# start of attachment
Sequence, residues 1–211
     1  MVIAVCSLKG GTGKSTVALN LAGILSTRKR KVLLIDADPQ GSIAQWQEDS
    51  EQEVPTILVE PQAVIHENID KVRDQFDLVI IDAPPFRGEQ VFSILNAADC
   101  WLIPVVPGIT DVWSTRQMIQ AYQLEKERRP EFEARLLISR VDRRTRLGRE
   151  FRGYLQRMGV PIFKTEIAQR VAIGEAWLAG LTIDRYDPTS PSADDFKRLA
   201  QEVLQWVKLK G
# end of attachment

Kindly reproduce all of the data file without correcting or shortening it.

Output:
Sequence, residues 1–211
     1  MVIAVCSLKG GTGKSTVALN LAGILSTRKR KVLLIDADPQ GSIAQWQEDS
    51  EQEVPTILVE PQAVIHENID KVRDQFDLVI IDAPPFRGEQ VFSILNAADC
   101  WLIPVVPGIT DVWSTRQMIQ AYQLEKERRP EFEARLLISR VDRRTRLGRE
   151  FRGYLQRMGV PIFKTEIAQR VAIGEAWLAG LTIDRYDPTS PSADDFKRLA
   201  QEVLQWVKLK G